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News Japan to loosen entry restrictions on new arrivals

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Unswerving cyclist
14 Mar 2002
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The new regulations allow entry for residents with permission to stay more than three months and international students, regardless of where they come from. However, the planned change will not cover tourists. Also, I am not quite sure how feasible the 72-hour limitation will be for most travellers (see quote below):

Upon arrival, all foreign nationals travelling to Japan are required to undergo coronavirus testing and observe a 14-day quarantine period. From September, all foreign travellers, including those with a legal residence status, are also required to submit proof they were tested for COVID-19 within 72 hours prior to their departure for Japan.

That 72 hours is going to be tough. In Illinois you are looking at a minimum of three days just to get a result over the phone and another week to get it in the mail (you have to request it when they call you with the result). You will have to try and guess how long it will take to get your result so that you can have it by the time you fly. Still say that it is, by some chance, possible to get a written result at one week from testing that would still put you past 72 hours.

You would need to pay for the rapid test (3 hour), which last I heard is not as accurate or get the normal three day test at a private clinic where they could give you the paper results right away. Either will cost a lot.
It's unclear if you need to have the results in hand or if you only need to prove that you took the test. How do they do it today?
When I flew to Alaska this summer, they used this rule. If you didn't have the results by your arrival, you were supposed to report the results when you received them and quarantine until you got them. If you arrive there without a test, they give you one at the airport at high cost.
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I assume that the 72-hour deadline is just another administrative hurdle... :(

Yesterday, the government announced the new regulations which will be in effect as of Thursday, 1 October. They will apply to new residents with permission to stay more than three months, regardless of where they come from.

With the revision, which will not cover tourists, non-Japanese nationals will be allowed to travel to Japan in phases, for reasons including to provide medical services, engage in cultural activities or carry out educational activities. Following the change, the scope of eligible applicants will be expanded to include privately financed international students. Since August the government has been in the process of resuming visa processing for government-sponsored students. The revised regulations will also cover visiting relatives using a family stay visa. Travellers from regions with higher coronavirus infection numbers will be subject to stricter entry procedures.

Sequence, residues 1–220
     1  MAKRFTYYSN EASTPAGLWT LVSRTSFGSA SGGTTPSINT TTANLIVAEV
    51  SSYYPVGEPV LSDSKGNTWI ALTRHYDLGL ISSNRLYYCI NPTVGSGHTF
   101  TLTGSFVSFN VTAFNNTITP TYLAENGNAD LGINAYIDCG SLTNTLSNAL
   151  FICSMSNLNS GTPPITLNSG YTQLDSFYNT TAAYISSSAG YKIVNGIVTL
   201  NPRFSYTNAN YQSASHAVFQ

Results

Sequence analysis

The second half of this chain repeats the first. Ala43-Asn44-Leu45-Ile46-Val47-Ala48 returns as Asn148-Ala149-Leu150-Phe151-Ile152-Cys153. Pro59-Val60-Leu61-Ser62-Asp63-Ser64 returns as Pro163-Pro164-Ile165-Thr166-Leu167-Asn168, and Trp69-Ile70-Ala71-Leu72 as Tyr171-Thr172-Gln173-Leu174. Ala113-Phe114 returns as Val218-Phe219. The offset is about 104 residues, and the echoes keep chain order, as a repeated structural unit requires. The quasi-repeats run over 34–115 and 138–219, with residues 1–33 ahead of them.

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The Japanese government is making provisions for exempting business travellers and returnees from the mandatory two-week quarantine. These measures could be in place by the end of the month.

Both Japanese citizens and foreign nationals with resident permits will be eligible for the exemption, with no restrictions on countries, the sources said. With the 14-day quarantine policy a significant stumbling block for overseas business travel, Prime Minister Yoshihide Suga, placing importance on restarting economic activity, has pushed for the exemptions to move forward. The government aims to draw up measures easing entry restrictions by the end of the month, the sources added. Those eligible will be required to submit a detailed plan of their movements in the 14 days following entry into Japan, including accommodation and place of employment, they said. Given the anticipated burden on airport staff to handle paperwork and other inspection measures, the government plans to impose a daily limit on the number of people eligible for the exemption based on testing capacity at airports and other ports of entry.

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Disclaimer: The following piece was written by Arudou Debitou, and while I do not agree with everything stated he vividly points out that the new re-entry rules for foreign residents still pose an almost insurmountable barrier to those who want to return to Japan.

Consider “George,” a foreign resident of Japan who told Debito.org his experience returning to Japan from Europe this month. As before, George’s Japanese spouse only had to appear at the border with a Japanese passport, take a Covid (PCR) test administered by the Japanese government, and then be let in for hospitalization or quarantine. But for George, the procedure had become Kafkaesque. Before departing Europe, he had to:

1) Apply at the nearest Japanese embassy or consulate for physical paper documents, i.e., “Certificate of Testing for Covid-19” and “Letter of Confirmation of Submitting Necessary Documentation for Re-Entry into Japan.” The certificate has to be applied for because, the embassy told him, the Japanese government wants the option to cancel the program at any time (thereby reinstating the blanket ban).